Leaders at the forefront of their field in neurobiology, visual and performing arts, social work, technology and environmental conservation will offer unique insights into their work and spark creative conversations at this year's TEDxSarasota. Among the  featured speakers are School for Men Founder Michael Hrostoski; Neurobiologist and Braincheck CEO Dr. Yael Katz; art activist and Chalk Festival Founder Denise Kowal and West Coast Black Theatre Group Director Nate Jacobs. 

"TED days are built to have people collide and collaborate. The audience plays a big part in keeping the energy of the exchange going as they actively participate, so these days really are the germ -- or the seed -- of something great on the other side of the event," says TEDxSarasota Founder and Team Lead Judy Winslow. 

TEDxSarasota collaborated this year with the Ringling College of Art + Design to create special pieces for the event, and Winslow says that break times between speakers will be filled with food, drink and social activities to stimulate new ideas and connections in the "TED Head" environment.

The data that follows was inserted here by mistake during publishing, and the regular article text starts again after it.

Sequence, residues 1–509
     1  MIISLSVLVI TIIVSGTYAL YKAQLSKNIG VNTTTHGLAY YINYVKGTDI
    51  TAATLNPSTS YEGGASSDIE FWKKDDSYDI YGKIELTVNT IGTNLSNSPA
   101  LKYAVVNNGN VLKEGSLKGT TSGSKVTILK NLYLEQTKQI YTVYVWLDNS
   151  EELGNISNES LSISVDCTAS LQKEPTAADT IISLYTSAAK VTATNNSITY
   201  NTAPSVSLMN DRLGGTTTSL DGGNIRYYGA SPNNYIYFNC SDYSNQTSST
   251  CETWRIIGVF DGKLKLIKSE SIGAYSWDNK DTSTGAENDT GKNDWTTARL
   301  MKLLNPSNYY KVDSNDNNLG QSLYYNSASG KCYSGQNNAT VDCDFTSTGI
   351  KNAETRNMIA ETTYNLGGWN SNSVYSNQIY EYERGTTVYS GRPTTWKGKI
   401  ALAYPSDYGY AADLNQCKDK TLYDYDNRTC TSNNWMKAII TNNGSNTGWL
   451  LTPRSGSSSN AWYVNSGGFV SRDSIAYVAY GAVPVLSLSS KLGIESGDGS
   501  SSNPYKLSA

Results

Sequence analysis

This year marks the first time TEDxSarasota, formerly held at Sarasota's historic Asolo Theatre, will be held at the Venice Theatre in the south-central Sarasota County region.

"We've always been known as a beach community, but have moved into a more cultural phase in recent years. Now, we're really parenting and fostering the idea of Sarasota as an innovation hub. Let's have Sarasota grow in a way that fosters innovation, inspiration, positivity," says Winslow.

"This is a way for us to shine a light on a different part of Sarasota as things begin to develop [in the south county region]," she adds. 

TED is a global, independently planned event that takes place in over a thousand communities across the world. More than a dozen events are scheduled during 2016-2017 in Florida cities including Orlando, Jacksonville and Miami. 

Three upcoming events in the Tampa Bay area are TEDxOldsmar Women on Oct. 27, 2016; TEDxUSF on March 29, 2017; and TEDxPasco County Schools on May 6, 2017. 

"What's cool is that it's a global community. There's this movement of positivity, and of people who still believe that we can change the world one idea at a time. That's the essence of TED: people who believe, who know it in their bones--people who come out to support that mission and live that possibility," says Winslow.

Get tickets for TEDxSarasota online.